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Ask the LifeQuake Doctor – Aug 2017

Ask the LifeQuake Doctor – Aug 2017

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Dear Dr. Galardi,

 

I’m a sixty-year-old man who’s been in the real estate business for thirty years, and I’m in burnout from the job. However, I’m not yet financially set up yet to retire. I have two grown daughters. My ex-wife died a few years ago, so they look to me for guidance. I’ve been divorced for eighteen years and haven’t lived with a woman other than my daughters during that time. I’ve always felt that I have a strong sex drive. Sex has always been really important to me and makes me feel alive and healthy.

 

About nine months ago, I started dating a woman who is a therapist and who works with clients in recovery for addiction. She told me she thought I had an alcohol dependence because I drink every day. I have an autoimmune condition and it was suggested that I give up alcohol for ninety days. This therapist thinks I have an alcohol issue because I haven’t been willing to give up drinking for that length of time. I only have two glasses of wine in the evening. Does this seem extreme to you?

 

Also, I’ve been finding myself reattracted to my old girlfriend. She doesn’t know I’ve been seeing someone recently, and I’m feeling guilty about it. My current girlfriend is a lovely person and we have regular sex, but it isn’t off the charts like it was with my ex-girlfriend. My ex-girlfriend and I have been seeing one another without my current girlfriend’s knowledge. I think I just need to be involved with someone like my old girlfriend who doesn’t question my drinking and has no problem having sex every day.

 

I wanted your opinion as to whether you think I have a drinking problem given that I don’t drink a lot, and as to whether I might be a sex addict because I want sex every day. I’m working on my job stress with my therapist and have not addressed the girlfriend issue yet, as it feels like it isn’t a priority. I just thought I’d get your advice first.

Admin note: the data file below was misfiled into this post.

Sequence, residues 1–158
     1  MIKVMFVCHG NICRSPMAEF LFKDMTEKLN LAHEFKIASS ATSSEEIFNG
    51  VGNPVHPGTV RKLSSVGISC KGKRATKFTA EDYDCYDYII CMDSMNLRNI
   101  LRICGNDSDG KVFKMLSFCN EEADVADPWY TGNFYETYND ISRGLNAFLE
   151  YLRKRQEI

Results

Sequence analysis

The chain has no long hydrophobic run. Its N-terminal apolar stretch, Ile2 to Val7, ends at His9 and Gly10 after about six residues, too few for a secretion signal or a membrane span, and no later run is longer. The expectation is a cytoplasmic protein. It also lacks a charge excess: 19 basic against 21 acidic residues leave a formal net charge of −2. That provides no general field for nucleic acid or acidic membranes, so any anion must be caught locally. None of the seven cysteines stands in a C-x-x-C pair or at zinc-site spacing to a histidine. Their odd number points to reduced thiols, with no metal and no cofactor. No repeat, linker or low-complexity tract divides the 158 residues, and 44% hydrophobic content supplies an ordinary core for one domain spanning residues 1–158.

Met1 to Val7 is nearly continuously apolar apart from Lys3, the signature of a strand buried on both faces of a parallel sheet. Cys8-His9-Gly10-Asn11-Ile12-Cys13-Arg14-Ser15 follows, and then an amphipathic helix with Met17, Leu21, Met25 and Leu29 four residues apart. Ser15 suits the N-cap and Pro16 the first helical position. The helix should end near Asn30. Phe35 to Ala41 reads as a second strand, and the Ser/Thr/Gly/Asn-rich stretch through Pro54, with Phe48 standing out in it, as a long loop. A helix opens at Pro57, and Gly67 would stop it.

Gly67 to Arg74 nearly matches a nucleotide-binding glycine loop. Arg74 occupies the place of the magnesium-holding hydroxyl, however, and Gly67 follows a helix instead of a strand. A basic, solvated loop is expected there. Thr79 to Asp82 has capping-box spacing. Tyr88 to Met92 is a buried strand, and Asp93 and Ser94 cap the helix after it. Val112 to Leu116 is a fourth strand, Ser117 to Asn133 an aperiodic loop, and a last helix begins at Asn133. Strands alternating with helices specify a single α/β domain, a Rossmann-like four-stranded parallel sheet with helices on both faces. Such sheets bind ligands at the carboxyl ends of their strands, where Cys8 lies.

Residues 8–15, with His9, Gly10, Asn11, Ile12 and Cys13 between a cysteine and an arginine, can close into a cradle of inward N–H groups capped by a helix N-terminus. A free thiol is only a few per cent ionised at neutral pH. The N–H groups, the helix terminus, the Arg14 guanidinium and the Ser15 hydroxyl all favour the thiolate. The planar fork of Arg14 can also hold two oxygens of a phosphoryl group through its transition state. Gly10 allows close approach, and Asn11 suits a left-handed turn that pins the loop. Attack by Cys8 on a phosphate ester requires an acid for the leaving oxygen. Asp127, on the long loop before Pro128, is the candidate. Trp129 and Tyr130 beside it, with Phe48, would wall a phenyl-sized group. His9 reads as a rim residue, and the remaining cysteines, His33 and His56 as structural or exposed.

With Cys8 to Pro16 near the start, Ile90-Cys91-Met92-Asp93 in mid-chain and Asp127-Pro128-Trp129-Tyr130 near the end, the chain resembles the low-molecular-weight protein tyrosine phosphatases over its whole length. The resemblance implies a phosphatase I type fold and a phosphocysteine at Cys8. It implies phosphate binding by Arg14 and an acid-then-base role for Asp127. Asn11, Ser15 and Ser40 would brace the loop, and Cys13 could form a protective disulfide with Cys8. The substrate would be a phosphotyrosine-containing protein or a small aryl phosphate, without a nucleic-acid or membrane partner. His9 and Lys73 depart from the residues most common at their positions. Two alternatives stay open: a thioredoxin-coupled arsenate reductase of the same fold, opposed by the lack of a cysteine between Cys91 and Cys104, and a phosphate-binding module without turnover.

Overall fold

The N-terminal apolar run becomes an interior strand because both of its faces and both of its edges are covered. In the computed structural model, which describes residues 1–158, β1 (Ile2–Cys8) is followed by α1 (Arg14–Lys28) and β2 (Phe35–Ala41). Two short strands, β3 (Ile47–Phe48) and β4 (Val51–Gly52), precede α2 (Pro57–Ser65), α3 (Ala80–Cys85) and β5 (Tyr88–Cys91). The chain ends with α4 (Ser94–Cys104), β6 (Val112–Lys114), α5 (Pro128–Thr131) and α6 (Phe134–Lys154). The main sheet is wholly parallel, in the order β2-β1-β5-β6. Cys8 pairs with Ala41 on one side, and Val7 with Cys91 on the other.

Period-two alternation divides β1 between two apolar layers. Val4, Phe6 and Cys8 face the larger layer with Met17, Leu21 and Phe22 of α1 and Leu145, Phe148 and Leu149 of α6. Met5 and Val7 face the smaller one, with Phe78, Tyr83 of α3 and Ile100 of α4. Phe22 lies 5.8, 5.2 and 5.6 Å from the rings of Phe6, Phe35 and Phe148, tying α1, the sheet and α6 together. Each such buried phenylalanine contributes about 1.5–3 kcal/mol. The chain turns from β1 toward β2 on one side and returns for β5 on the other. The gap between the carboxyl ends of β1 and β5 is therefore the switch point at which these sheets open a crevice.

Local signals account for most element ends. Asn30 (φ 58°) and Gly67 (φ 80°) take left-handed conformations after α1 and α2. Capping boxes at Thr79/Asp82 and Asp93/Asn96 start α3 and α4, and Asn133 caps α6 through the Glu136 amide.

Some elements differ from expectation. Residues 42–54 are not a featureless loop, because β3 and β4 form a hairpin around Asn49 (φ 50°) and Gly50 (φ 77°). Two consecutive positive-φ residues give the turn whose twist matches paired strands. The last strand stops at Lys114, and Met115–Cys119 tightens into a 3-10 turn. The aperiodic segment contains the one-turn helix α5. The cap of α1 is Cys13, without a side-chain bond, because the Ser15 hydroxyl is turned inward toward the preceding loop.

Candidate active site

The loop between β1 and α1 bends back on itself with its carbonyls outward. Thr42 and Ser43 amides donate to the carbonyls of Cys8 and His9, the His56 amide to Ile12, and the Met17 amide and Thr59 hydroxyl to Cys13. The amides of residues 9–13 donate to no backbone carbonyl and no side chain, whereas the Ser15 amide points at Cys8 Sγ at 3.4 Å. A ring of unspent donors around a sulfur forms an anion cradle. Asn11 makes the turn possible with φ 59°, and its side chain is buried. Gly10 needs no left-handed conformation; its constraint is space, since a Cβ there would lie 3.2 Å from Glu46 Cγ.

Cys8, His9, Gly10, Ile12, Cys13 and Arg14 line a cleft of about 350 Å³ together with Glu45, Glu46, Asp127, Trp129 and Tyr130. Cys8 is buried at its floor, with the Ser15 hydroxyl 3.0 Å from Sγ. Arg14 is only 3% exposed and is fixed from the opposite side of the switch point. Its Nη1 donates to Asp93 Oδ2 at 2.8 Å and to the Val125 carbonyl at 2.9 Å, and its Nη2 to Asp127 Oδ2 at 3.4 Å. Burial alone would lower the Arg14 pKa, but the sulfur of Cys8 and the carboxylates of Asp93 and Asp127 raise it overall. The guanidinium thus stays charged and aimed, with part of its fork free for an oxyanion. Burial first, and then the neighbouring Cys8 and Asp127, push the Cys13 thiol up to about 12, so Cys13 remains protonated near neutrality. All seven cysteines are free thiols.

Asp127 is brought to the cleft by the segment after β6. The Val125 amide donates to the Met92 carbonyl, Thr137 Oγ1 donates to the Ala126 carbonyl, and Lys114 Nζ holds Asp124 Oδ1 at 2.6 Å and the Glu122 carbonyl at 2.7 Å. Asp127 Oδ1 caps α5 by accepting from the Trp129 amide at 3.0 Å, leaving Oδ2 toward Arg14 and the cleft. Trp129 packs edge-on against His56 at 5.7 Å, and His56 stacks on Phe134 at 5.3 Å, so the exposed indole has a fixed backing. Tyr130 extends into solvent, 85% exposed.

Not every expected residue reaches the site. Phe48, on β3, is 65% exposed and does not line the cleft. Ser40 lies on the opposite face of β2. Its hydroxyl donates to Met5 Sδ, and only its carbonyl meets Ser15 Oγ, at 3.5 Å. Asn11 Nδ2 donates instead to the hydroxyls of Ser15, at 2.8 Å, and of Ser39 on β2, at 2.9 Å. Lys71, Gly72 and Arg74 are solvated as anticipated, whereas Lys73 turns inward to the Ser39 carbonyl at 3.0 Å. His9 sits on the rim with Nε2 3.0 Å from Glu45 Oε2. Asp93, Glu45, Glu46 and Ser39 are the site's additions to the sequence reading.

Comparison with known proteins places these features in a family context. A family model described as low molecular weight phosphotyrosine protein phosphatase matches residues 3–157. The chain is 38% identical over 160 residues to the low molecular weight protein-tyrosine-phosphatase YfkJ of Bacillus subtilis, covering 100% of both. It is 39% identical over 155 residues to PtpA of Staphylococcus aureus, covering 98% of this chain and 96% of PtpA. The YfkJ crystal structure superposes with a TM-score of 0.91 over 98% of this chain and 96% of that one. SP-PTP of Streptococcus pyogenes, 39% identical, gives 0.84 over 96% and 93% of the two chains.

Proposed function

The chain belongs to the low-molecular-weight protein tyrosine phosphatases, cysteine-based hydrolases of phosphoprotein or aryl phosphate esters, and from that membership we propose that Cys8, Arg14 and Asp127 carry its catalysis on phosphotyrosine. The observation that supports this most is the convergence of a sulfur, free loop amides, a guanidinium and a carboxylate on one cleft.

– Confused in South Florida

 

Dear Reader,

 

Well, there is a lot here, I must say. I appreciate your reaching out and at least being willing to look for input as you are heading for a big fall, my friend!

 

Your job stress is probably very related to your inability to be sated by the affections of one woman. You are self-medicating with both women and wine. The only thing missing is rock ‘n’ roll! I am not making light of your dilemma—sometimes a little humor helps with a perspective.

 

You say you are not ready to retire, but are in burnout from a highly demanding job. I have worked with a lot of people who are entering what I call “third acts.” They do not want to retire and they do not want to continue doing the work they’ve been doing, so they tell themselves they just need to put their nose to the grindstone and push through for another five years.

 

The problem with that philosophy is that burnout can lead to depending on outer substances to feel good. If you cannot stop drinking for ninety days, it does not matter what the quantity is, you are using it to numb out. If one woman is not enough, I suspect that the fact that your current girlfriend is confronting your addictions has led you to turn off to her and thus need the dopamine fix that having sex with a new person—even someone you once were involved with—can give you.

 

I recommend attending two different Twelve Step programs: Sex, Love, and Fantasy Addicts Anonymous and Alcoholics Anonymous. Both of these programs can provide ancillary support along with a sponsor. I would also recommend talking to your therapist about exploring a new professional arena. I am a big advocate for career repurposing along with recovery as a relapse prevention method. Finding a career that is meaningful and fulfills your passionate purpose can provide the neurotransmitter support that you are looking to women and alcohol for.

 

I just suggest you do something about this soon before your current girlfriend finds out about the other woman and this ends in an explosion. If you do not address this soon, two other people are going to get hurt, not just you. 
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